·         General education of all staff (general education – Covid 19.pdf) to better prepare themselves to take the required precautions and adopt safe behaviours.

Link to PDF: general education – Covid 19.pdf

·         Guidance for workplaces on how best to prepare for Covid 19 ( Covid 19 advice for workplaces 3.0.pdf ).

Link to PDF: Covid 19 advice for workplaces 3.0.pdf

·         Two local posters on Covid 19.

Identifying SARS-CoV-2 related coronaviruses in Malayan pangolins

A new paper, 26 March, describes multiple lineages of pangolin coronavirus and their similarity to the SARS-CoV-2. A previous study had suggested that Pangolins could be intermediate hosts.  Although bats are likely reservoir hosts for SARS-CoV-2, this study says that pangolins should be considered as possible hosts in the emergence of novel coronaviruses and should be removed from wet markets to prevent zoonotic transmission. The study was done on Malayan pangolins (Manis javanica) seized in anti-smuggling operations in southern China. Pangolins are the world’s most trafficked animals. 

Link to article: https://www.nature.com/articles/s41586-020-2169-0

The SARS, MERS and novel coronavirus (COVID-19) epidemics, the newest and biggest global health threats: what lessons have we learned?

This paper finds that Inadequate risk assessment regarding the urgency of the situation, and limited reporting on the virus within China has, in part, led to the rapid spread of COVID-19. Compared with SARS and MERS, COVID-19 has spread more rapidly, due in part to increased globalization and the focus of the epidemic. The conclusion is that we did not learn from the two prior epidemics of coronavirus and were ill-prepared to deal with the challenges the COVID-19 epidemic has posed. Future research should attempt to address the uses and implications of the internet of things (IoT) technologies for mapping the spread of infection.

Link to paper: https://www.ncbi.nlm.nih.gov/pubmed/32086938

Expert comment about COVID-19 and having sex while either socially distancing or self-isolating with symptoms

Prof Paul Hunter, Professor in Medicine, University of East Anglia, U.K, talks to the Science Media Centre on whether its advisable expert to have sex while either socially distancing or self-isolating with symptoms.

Link to article: https://www.sciencemediacentre.org/expert-comment-about-covid-19-and-having-sex-while-either-socially-distancing-or-self-isolating-with-symptoms/

We shouldn’t worry when a virus mutates during disease outbreaks

Mutation. The word naturally conjures fears of unexpected and freakish changes. Ill-informed discussions of mutations thrive during virus outbreaks, including the ongoing spread of SARS-CoV-2. In reality, mutations are a natural part of the virus life cycle and rarely impact outbreaks dramatically say virologists writing in the journal Nature Microbiology.

Link to article: https://www.nature.com/articles/s41564-020-0690-4

Are viruses alive?

 Viruses are kind of mysterious – there is debate on whether on not they are “alive”.  At a basic level, viruses are proteins and genetic material that survive and replicate within their environment, inside another life form. In the absence of their host, viruses are unable to replicate and many are unable to survive for long outside the host. Therefore, if they cannot survive independently, can they be defined as being ‘alive’? Taking opposing views, two microbiologists discuss how viruses fit with the concept of being ‘alive’ and how they should be defined.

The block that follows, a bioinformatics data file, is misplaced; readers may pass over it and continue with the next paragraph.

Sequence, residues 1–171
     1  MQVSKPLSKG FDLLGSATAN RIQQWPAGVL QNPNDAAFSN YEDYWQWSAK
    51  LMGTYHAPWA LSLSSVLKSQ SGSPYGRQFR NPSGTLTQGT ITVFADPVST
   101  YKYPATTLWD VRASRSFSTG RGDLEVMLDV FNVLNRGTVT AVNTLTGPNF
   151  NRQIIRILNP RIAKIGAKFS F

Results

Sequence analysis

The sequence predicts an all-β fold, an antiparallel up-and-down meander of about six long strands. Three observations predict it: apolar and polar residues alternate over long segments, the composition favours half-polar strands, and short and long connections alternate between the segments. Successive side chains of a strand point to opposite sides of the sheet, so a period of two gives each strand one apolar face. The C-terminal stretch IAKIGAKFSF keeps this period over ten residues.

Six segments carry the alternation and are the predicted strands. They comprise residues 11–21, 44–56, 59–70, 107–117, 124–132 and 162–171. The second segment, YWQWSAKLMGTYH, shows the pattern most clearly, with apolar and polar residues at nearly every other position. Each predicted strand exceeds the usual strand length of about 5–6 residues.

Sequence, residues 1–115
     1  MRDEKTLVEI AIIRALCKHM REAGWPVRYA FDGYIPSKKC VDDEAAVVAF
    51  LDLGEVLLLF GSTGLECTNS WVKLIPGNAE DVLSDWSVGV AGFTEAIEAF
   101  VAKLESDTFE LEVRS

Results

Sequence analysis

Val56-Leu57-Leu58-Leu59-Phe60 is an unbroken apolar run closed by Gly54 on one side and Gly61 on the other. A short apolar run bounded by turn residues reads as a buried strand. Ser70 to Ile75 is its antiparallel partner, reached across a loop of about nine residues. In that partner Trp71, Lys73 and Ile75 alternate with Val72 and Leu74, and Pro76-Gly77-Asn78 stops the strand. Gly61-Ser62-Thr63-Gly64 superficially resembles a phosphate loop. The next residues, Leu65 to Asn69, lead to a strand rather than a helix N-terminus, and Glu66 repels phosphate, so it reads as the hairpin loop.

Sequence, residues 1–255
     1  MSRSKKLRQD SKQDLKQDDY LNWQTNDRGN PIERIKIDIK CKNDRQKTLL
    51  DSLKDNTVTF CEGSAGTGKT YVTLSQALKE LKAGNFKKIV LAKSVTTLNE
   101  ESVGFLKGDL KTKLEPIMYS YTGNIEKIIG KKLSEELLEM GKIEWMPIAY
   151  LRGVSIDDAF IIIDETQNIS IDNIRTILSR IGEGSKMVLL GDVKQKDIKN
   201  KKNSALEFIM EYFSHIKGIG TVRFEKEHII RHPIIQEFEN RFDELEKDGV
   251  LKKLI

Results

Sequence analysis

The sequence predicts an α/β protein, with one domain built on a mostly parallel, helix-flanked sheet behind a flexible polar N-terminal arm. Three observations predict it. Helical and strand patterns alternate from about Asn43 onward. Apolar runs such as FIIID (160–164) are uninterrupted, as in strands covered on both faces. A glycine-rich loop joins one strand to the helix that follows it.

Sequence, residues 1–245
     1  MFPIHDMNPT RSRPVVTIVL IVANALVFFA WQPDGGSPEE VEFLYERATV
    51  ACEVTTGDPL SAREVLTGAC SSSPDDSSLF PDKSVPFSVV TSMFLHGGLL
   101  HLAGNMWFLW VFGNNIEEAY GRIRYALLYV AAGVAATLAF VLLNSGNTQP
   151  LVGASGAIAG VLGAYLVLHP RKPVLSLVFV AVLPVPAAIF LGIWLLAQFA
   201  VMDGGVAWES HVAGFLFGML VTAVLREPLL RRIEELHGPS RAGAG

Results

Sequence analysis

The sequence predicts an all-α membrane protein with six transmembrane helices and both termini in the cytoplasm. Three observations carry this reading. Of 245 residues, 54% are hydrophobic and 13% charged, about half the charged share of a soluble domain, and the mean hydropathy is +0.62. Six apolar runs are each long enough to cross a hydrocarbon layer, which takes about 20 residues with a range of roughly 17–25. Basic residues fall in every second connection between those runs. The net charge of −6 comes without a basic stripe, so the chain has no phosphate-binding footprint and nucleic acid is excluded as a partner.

Link to article: https://microbiologysociety.org/publication/past-issues/what-is-life/article/are-viruses-alive-what-is-life.html

WHO launches global megatrial of the four most promising coronavirus treatments

An article from the publishers of Science on 22 March on WHO megatrials. WHO is focusing on what it says are the four most promising therapies: an experimental antiviral compound called remdesivir; the malaria medications chloroquine and hydroxychloroquine; a combination of two HIV drugs, lopinavir, and ritonavir; and that same combination plus interferon-beta, an immune system messenger that can help cripple viruses. 

Link to article: https://www.sciencemag.org/news/2020/03/who-launches-global-megatrial-four-most-promising-coronavirus-treatments

Twitter thread on Chloroquine (CQ) and Hydroxychloroquine (HCQ) by Dr. Gaetan Burgio

Unusually, we include a Twitter feed here as it represents a good analysis of the efficacy of the antimalarial drug chloroquine as a treatment for COVID-19. It is from Dr. Gaetan Burgio, a geneticist at the Australian National University who dug into the available & published data and reveals that as of this date the evidence remains anecdotal and a clinical trial is incomplete and not following scientific rigour. More research is needed.

Link to Twitter thread: https://twitter.com/GaetanBurgio/status/1241201751916568576

NIH clinical trial of investigational vaccine for COVID-19 begins

March 17, 2020. A clinical trial of investigational vaccine for COVID-19 has begun.  Phase 1 clinical trial evaluating an investigational vaccine designed to protect against coronavirus disease 2019 (COVID-19) has begun at Kaiser Permanente Washington Health Research Institute (KPWHRI) in Seattle. Currently (March 17, 2020) no approved vaccines exist to prevent infection with SARS-CoV-2.

Link to article: https://www.nih.gov/news-events/news-releases/nih-clinical-trial-investigational-vaccine-covid-19-begins

How to stop future pandemics in 3 easy steps

While many of us are social distancing and self-quarantining, we have a lot of time to wonder, how did we get in this coronavirus mess in the first place? The answer is a zoonotic disease – a disease that can leap from animal to human. In order to prevent future pandemics, we need to change our relationship with wildlife. So what does that mean exactly?

1. Stop wildlife trade
2. Stop wildlife consumption
3. Stop destroying nature